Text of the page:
ICC introduces stricter ball-tampering sanctions

Cricket's governing body will take a harder line with players found guilty of ball tampering under new regulations.

Changing the condition of the ball has been upgraded to a level three offence.   -  Getty Images

Players found guilty of ball tampering could face bans of six Test matches or 12 one-day internationals under new rules approved by the ICC on Monday.

As part of proposals put forward at the governing body's annual conference in Dublin, changing the condition of the ball has been upgraded to a level three offence.

That would mean heftier punishments for those found guilty, something that had been expected following the incident in South Africa that saw Steve Smith, David Warner and Cameron Bancroft punished by Cricket Australia.

Monday's decision will see the ICC take a stronger stance on future cases, something chief executive David Richardson welcomed.

"I'd like to thank the Cricket Committee and the chief executives for their commitment to improving player behaviour in the game and supporting the introduction of new offences and great sanctions," he said in a statement.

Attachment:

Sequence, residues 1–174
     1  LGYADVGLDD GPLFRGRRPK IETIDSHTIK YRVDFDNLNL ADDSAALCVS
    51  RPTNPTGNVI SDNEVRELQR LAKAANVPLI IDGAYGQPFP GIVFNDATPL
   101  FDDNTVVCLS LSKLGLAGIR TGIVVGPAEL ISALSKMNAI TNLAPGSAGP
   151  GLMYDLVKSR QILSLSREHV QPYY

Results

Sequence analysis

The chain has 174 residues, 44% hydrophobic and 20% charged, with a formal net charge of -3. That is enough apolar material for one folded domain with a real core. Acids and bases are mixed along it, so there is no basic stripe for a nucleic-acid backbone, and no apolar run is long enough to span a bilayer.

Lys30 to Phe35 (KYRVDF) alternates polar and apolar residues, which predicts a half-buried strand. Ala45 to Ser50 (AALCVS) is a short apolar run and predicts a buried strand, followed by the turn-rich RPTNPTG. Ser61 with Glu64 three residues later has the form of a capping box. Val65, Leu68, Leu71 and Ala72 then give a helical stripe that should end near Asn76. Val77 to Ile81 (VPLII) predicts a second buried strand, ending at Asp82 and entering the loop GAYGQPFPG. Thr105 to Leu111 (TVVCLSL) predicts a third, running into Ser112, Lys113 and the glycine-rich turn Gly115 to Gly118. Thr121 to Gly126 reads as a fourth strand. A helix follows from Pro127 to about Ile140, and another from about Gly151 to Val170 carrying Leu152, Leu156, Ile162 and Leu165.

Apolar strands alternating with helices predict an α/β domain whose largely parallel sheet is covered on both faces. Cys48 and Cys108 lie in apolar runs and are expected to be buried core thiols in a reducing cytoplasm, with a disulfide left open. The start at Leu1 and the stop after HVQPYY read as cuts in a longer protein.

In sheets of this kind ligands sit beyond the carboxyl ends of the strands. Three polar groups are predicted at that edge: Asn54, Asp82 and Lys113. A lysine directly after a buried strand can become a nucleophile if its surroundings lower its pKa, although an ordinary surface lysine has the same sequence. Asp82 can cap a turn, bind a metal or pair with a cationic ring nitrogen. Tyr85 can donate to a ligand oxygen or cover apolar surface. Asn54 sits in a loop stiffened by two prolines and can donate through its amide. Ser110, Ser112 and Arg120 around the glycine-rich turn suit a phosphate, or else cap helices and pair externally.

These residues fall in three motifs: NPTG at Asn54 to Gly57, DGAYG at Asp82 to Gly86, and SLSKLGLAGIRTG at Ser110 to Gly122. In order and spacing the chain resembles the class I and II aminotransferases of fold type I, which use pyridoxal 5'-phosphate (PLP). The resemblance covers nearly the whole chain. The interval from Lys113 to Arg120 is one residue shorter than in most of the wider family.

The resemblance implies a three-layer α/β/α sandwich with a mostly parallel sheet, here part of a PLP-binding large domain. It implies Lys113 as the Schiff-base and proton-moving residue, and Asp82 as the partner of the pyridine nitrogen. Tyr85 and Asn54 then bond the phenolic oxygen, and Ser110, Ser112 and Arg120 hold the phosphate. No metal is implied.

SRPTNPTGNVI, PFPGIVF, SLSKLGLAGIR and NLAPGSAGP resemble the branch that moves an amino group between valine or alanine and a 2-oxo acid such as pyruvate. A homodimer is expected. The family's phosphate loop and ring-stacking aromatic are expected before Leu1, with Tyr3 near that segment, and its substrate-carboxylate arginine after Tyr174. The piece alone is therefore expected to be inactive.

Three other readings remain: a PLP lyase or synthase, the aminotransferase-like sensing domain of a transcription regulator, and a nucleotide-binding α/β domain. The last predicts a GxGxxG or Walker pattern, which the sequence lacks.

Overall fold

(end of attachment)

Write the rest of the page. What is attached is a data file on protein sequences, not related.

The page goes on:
"There is a clear desire here to reclaim cricket's unique proposition as a game that people can trust in and for us all to live the spirit of cricket in a way that is relevant in the 21st century."

Anyone found guilty of personal abuse, disobeying an umpire or "audible obscenity" will also be punished after they were added to the list of offences.

To deal with the latter, stump microphone guidelines have also been changed, with the audio now allowed to be broadcast at any time.

The ICC also intends to help Zimbabwe Cricket "stabilise its business", while threatening Sri Lanka Cricket's membership if they do not hold elections within six months.

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